Mr. Osomatsu Season 2 Episode 19
by Anne Lauenroth,
How would you rate episode 19 of
Mr. Osomatsu (TV 2) ?
I guess running in an election on a whim is worth trying now and then, says newly elected President Dekapan. The fact that he's riding in a convertible tells us we're watching fiction, as any resemblance to actual persons, living or dead, is purely deliberate. In his very oval office, we watch his fun at being president destroyed by adviser Totty. Many other Matsus would have probably pushed the Big Red Button alongside Dekapan, but of course this week's cold open inevitably ends with retaliation following on the button's heels.
Back in our usual Matsu reality, Iyami's trying his hand at ventriloquism, impressing his juvenile audience with the complete lack of mouth movement that comes with using actual people instead of puppets. It's greed that lets him, Chibita, and Hatabou fleece a bunch of gullible kids, and it's greed that prompts them to ruin it for themselves when the prospect of real money comes around. I'm disappointed in you, Chibita. You used to be better than this.
And then the most dreaded day of the year arrives. The foreboding silence during the sextuplets' breakfast is only interrupted by knocking over glasses or dropping food out of nervousness. It's Valentine's Day, that time of the year when being a girlfriend-less NEET is more painful than on all the other lonely days. The usual distractions – from cat cuddling to pachinko – don't help no matter how hard they try telling themselves that chocolate's overrated. And so our boys go through the eight stages of grief according to Matsu: dread, desire, denial, determination, depression, dickering, degradation, and destruction.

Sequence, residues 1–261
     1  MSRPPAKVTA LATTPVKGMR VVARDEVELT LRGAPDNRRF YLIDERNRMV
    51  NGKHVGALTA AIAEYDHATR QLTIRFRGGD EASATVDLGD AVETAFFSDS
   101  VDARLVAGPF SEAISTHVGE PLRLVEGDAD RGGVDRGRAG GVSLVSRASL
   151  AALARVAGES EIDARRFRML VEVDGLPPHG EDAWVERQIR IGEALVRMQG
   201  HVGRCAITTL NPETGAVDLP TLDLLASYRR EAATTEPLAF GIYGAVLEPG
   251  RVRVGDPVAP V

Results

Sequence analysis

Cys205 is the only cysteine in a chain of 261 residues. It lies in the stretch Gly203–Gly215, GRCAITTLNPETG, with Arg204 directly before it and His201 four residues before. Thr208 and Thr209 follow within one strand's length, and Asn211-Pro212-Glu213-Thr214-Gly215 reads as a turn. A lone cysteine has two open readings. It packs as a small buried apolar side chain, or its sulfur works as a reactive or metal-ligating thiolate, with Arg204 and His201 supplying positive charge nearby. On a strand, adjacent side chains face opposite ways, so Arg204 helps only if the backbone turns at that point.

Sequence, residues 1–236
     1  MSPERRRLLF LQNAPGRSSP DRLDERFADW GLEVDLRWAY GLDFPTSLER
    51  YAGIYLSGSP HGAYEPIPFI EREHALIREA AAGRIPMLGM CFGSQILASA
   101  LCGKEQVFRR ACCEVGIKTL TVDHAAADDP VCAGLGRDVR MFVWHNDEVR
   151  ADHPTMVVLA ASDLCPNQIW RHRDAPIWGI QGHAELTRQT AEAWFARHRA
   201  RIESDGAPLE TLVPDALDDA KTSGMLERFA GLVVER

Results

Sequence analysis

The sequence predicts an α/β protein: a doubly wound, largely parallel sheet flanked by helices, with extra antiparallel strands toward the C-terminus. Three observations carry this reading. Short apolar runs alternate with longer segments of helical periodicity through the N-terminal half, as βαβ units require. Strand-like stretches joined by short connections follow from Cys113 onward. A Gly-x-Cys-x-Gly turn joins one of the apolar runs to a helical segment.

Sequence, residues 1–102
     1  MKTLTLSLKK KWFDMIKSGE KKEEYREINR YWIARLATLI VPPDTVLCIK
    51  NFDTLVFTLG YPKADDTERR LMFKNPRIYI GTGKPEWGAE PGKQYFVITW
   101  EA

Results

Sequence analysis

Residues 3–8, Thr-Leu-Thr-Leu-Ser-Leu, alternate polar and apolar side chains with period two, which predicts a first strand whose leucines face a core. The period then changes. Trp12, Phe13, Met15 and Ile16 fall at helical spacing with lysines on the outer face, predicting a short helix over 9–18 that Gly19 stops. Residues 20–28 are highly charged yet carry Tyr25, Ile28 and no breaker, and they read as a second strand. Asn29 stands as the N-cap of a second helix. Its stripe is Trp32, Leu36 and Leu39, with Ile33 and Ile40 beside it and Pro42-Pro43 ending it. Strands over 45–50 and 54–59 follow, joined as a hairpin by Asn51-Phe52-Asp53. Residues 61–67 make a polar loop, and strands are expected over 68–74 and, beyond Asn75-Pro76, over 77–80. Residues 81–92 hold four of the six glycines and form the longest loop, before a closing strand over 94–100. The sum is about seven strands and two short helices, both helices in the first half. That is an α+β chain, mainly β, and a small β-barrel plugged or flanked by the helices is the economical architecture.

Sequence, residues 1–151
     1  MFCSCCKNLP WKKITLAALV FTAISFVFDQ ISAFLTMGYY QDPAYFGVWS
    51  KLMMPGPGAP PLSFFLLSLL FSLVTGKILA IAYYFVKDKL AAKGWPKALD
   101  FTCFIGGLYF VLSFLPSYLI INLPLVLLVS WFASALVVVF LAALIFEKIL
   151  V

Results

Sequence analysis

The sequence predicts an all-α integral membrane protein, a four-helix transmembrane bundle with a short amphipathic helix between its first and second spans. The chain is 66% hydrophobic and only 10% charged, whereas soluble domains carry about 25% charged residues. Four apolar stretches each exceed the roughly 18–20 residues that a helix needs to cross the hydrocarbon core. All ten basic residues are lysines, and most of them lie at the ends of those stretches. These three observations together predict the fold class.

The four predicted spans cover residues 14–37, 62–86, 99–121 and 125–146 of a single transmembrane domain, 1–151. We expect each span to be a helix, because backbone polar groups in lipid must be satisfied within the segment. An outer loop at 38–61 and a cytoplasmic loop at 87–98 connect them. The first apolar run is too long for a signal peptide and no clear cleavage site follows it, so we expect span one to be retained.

From pretending not to care to begging Totoko for some consolation chocolate, it's a dreadful display of self-inflicted misery, but when the Matsus resort to giving handmade chocolates to each other and appear to be comforted by their mutual verbal abuse, things turn outright tragic. When even the exchange of insults leaves Totty out of the group to give chocolates to himself, the previously instrumental music ramps up the sadness by adding vocals. (Not that Totty would have wanted to share his love with anyone other than the cutest brother, of course.) Still, I found my emotions to be closer to those of Mama Matsu as she watches over what should be her pride and joy, somewhere between pitiful and stunned. This pseudo-happy insanity is over as soon as the song ends. As the Matsus finally snap in the face of their reality's cruelty, the root of all sadness (cocoa beans) must be ripped out and stomped on.
I wonder if knowing that the whole custom of only women giving chocolates on Valentine's Day supposedly results from a translation error would comfort the boys or bring them closer to insanity.
It's hard to follow last week's excellent storytelling, but not all of Mr. Osomatsu's episodes want to achieve what Iyami, Alone in the Wild accomplished. Still, for an episode on the funnier side, I found myself chuckling not quite enough – though it's fantastic that there isn't just a Boys Cherry Magazine trying to help readers "graduate" some day, but enough of an audience to warrant a collector's issue.
So which Matsu would you have given your obligation/pity/heartfelt chocolate to?
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